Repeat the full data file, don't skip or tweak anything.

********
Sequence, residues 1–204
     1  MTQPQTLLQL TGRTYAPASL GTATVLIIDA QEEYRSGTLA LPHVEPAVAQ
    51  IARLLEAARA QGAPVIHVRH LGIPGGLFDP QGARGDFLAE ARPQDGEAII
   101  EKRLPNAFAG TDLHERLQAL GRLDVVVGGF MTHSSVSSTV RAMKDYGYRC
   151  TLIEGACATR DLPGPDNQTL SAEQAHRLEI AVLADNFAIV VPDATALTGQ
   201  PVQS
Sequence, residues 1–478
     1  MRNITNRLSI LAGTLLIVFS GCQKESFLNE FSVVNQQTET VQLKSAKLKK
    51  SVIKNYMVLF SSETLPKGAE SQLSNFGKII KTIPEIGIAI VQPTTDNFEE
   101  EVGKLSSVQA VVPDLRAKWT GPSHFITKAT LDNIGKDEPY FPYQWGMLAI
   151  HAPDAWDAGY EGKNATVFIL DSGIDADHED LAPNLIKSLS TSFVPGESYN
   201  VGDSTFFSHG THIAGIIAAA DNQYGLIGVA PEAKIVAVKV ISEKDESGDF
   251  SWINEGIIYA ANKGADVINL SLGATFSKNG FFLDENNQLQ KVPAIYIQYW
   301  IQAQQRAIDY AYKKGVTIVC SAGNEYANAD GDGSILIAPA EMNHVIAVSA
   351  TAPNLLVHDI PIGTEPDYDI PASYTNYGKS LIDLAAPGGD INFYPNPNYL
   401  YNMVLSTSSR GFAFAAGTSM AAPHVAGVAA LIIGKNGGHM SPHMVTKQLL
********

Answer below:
Sequence, residues 1–204
     1  MTQPQTLLQL TGRTYAPASL GTATVLIIDA QEEYRSGTLA LPHVEPAVAQ
    51  IARLLEAARA QGAPVIHVRH LGIPGGLFDP QGARGDFLAE ARPQDGEAII
   101  EKRLPNAFAG TDLHERLQAL GRLDVVVGGF MTHSSVSSTV RAMKDYGYRC
   151  TLIEGACATR DLPGPDNQTL SAEQAHRLEI AVLADNFAIV VPDATALTGQ
   201  PVQS
Sequence, residues 1–478
     1  MRNITNRLSI LAGTLLIVFS GCQKESFLNE FSVVNQQTET VQLKSAKLKK
    51  SVIKNYMVLF SSETLPKGAE SQLSNFGKII KTIPEIGIAI VQPTTDNFEE
   101  EVGKLSSVQA VVPDLRAKWT GPSHFITKAT LDNIGKDEPY FPYQWGMLAI
   151  HAPDAWDAGY EGKNATVFIL DSGIDADHED LAPNLIKSLS TSFVPGESYN
   201  VGDSTFFSHG THIAGIIAAA DNQYGLIGVA PEAKIVAVKV ISEKDESGDF
   251  SWINEGIIYA ANKGADVINL SLGATFSKNG FFLDENNQLQ KVPAIYIQYW
   301  IQAQQRAIDY AYKKGVTIVC SAGNEYANAD GDGSILIAPA EMNHVIAVSA
   351  TAPNLLVHDI PIGTEPDYDI PASYTNYGKS LIDLAAPGGD INFYPNPNYL
   401  YNMVLSTSSR GFAFAAGTSM AAPHVAGVAA LIIGKNGGHM SPHMVTKQLL